In a recent Tribune, I suggested looking at Facebook Pages as a free marketing medium for your business. Love or hate Facebook, it will be around for a while yet, and it’s very likely that many of your target audience are already on there. So how do you best leverage Facebook for your business?

Facebook have a few tools available for you to use the platform as a marketing medium. Firstly, the more traditional advertising system, where you pay for impressions or actions on text-based and image-based ads. The level of reporting and targeting is advanced; you can build a campaign to target only those who list certain interests (such as small business), or meet specific demographics (females, aged 25-40 in Canada only).

Then, there’s the simple Facebook Share button which can be integrated into your own web site, popular for content-based services.

Then, if you’re up for a challenge, you could use the Facebook API to build your own innovative application that works within Facebook. This does require a certain level of development experience though.

The one I’m focusing on today, however, is Facebook Pages. The Facebook Terms of Use prohibit organisations to have their own profiles, unlike individuals. Your options as an organisation are better served with Pages, which are open to anyone to use.

You can create a company page from within your individual profile by clicking on the Advertising link in the footer. By choosing a category, naming the page, and completing a number of fields, your page will be created. You can then share it with others, and they can choose to Become a fan.

As people become fans of your organisation’s page, it appears within their News Feed, revealing to the rest of their Facebook colleagues that you have added the page. It then links the page name with your page, driving more people to click on the link and have a look.

This is where your page can win or lose. I suggest that you consider your Facebook page as a micro-site; you should start adding more content to the page, encourage conversation within the discussion board, and ask fans to promote it using the Share feature.

Here are a few examples of how SitePoint Tribune readers are using Facebook Pages as part of their marketing strategy. uses its Facebook Page to share details of events (120 events listed at the time of writing), as well as link their find-a-college program using a large graphic in the centre of the page. They have also linked YouTube videos and lively discussion on their Wall and Discussion Board. Janice Henshall from says “With our fan base steadily increasing, we’re hoping that our target demographic (potential college applicants, many who are between 18 and 24 years of age) find it a useful communication tool. Time will tell.”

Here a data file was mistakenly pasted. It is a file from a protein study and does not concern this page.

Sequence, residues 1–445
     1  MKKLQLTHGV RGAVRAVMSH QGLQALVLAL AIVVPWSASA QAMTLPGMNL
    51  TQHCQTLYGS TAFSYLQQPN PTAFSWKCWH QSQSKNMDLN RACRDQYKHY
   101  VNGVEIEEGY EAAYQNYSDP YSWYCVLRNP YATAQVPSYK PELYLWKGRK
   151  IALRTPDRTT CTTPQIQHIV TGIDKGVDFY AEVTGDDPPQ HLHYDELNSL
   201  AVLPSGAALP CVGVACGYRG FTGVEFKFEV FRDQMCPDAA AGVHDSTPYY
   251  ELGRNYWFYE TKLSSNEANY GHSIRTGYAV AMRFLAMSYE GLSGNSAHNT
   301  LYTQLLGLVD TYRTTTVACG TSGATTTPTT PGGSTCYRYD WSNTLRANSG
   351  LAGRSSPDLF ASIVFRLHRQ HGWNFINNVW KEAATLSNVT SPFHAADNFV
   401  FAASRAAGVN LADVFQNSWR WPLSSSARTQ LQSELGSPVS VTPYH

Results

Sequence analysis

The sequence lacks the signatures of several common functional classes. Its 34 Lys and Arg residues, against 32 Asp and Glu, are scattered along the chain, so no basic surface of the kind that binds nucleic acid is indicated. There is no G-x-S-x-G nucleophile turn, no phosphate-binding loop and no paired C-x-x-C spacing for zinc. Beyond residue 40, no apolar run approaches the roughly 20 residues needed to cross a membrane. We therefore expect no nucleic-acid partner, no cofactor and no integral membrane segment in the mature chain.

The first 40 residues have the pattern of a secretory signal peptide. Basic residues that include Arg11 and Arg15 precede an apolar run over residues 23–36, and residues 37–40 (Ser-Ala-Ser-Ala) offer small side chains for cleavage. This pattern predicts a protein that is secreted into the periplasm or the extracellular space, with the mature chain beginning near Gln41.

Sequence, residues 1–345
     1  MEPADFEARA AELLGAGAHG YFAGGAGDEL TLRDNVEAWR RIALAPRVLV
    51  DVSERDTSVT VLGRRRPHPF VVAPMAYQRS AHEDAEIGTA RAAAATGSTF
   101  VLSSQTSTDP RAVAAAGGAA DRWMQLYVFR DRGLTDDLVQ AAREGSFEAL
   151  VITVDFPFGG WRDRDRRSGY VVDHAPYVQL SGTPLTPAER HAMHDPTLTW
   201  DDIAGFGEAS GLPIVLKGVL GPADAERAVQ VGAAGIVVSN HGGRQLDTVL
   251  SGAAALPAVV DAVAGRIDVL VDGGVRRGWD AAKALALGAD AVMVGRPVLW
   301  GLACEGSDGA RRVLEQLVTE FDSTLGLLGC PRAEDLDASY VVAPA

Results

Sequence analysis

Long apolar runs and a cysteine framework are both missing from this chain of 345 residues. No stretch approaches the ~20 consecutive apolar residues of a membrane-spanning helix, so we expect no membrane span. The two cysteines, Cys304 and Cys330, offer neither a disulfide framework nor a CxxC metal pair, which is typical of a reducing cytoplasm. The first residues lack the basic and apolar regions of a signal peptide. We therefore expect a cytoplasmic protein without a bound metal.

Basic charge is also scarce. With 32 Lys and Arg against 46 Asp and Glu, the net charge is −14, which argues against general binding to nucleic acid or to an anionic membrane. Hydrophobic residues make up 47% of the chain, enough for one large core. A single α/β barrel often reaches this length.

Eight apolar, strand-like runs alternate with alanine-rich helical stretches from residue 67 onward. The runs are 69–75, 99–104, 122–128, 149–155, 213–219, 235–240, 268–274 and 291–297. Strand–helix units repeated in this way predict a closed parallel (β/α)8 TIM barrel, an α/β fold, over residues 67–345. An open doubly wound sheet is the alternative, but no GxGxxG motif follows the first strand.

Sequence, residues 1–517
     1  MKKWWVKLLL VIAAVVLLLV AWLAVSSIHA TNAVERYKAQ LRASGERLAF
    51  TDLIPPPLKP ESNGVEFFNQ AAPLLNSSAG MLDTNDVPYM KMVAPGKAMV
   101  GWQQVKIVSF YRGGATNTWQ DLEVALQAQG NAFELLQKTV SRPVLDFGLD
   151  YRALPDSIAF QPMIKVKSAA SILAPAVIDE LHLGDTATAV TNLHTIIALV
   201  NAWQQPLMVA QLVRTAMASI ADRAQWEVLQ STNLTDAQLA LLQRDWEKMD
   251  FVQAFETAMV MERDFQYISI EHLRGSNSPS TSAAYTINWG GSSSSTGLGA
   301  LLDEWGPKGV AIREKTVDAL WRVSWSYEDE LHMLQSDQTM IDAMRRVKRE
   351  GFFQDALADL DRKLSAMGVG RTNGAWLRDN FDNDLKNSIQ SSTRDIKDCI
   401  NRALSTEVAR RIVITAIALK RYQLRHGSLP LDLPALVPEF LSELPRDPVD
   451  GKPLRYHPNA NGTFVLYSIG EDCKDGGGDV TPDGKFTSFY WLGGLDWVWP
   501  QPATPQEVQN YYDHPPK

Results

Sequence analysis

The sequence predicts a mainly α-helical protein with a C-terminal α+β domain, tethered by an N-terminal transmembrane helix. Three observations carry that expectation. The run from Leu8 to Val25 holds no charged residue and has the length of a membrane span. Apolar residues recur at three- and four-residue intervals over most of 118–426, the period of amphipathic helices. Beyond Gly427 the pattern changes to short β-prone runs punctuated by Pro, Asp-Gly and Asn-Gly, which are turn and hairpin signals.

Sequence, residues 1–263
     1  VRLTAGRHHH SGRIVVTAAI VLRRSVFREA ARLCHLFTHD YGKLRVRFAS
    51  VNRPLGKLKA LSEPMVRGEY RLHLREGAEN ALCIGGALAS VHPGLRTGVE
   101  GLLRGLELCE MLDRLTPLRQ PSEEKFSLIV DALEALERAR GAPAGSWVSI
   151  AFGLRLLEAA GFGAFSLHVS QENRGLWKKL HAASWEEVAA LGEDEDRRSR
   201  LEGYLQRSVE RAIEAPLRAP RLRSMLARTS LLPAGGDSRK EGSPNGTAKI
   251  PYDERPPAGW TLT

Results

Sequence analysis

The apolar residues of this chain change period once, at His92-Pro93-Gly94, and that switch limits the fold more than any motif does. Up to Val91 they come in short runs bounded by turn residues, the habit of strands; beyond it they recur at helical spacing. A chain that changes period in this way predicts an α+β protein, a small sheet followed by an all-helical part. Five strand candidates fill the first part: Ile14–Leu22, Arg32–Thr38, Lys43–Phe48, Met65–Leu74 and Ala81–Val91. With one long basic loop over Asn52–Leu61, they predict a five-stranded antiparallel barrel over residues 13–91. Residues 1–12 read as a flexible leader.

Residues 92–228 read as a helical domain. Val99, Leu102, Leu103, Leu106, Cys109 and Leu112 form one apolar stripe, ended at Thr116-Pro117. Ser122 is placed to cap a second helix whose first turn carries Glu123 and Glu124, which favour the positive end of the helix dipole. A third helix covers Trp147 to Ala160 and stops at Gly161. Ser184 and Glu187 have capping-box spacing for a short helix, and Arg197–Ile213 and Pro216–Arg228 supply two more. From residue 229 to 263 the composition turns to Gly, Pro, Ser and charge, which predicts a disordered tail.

Chinese nightlife web site, Zhuhai Nights uses their Facebook page as a promotional tool to drive people to their web site. They have many videos (including fan videos) and photos to build rich content within the page.

Mark Clulow from Coos Creations, creators of the site, states “We use the page to generate interest and tell people about events. The most popular feature though, is photo tagging. Tagging people in photos from events we’re involved with lets them know about the site, as well as their friends and family — all in a subtle but effective way. Actually watermarking the photos with Facebook has proven very successful at dragging people over to our site.”

Chicago web design business, Addicott Web has a Facebook page to market their services to a wider audience. Hirsch Fishman from Addicott has a few great ideas on how to better utilise Facebook Pages for web professionals.

“I set up a Facebook page because I wanted to directly market my web design business to everyone I know on Facebook. The vast majority of my clients come through word of mouth, but only a few of these know about my web site. Then there are people where it’s been years since I’ve spoken to them so they’re unaware of what I’m up to now. Posting on the Facebook page allows for these situations — and help fuel the word of mouth and referrals that might come my way.

Overall my goal has to been to create a well-rounded marketing piece for Addicott Web on the Facebook page. As much as my web site serves that purpose, if people don’t visit, then it’s pointless. With so many people on Facebook, it seemed the perfect approach.

What am I doing in particular on my page?

I import my RSS feed to it, so that all blog posts display on Facebook as soon as I post them on my blog.

I’ve been using the photo gallery as my portfolio and in the caption of each web site that I feature, post the complete project details, taken word-for-word from my actual web site.

I’ve asked some past clients to post positive reviews of my work.

I specifically invite new clients to Become a fan of my Facebook page so that they can see all of this information (if they’ve yet to look at my web site).

The most positive aspect of all is that it’s given me a potential service that I can now offer clients as well — creating and consulting on their Facebook presence as a complement to the web site that I’m creating for them. Being able to offer services like this helps me as a professional, as I can offer clients more than just a web site — and that’s the value proposition of my business.”

Thanks for your feedback and suggestions, Janice, Mark, and Hirsch. It’s great to see businesses using a variety of methods on their Facebook Pages to increase their fan base and interact with audiences.

I trust this article has you thinking about how better to market your organisation using Facebook Pages — best of luck with it!

This post first appeared as part of Issue 434 of the SitePoint Tribune, a very popular email newsletter that I was co-editor of. Thanks to SitePoint for allowing me to reproduce the work here.

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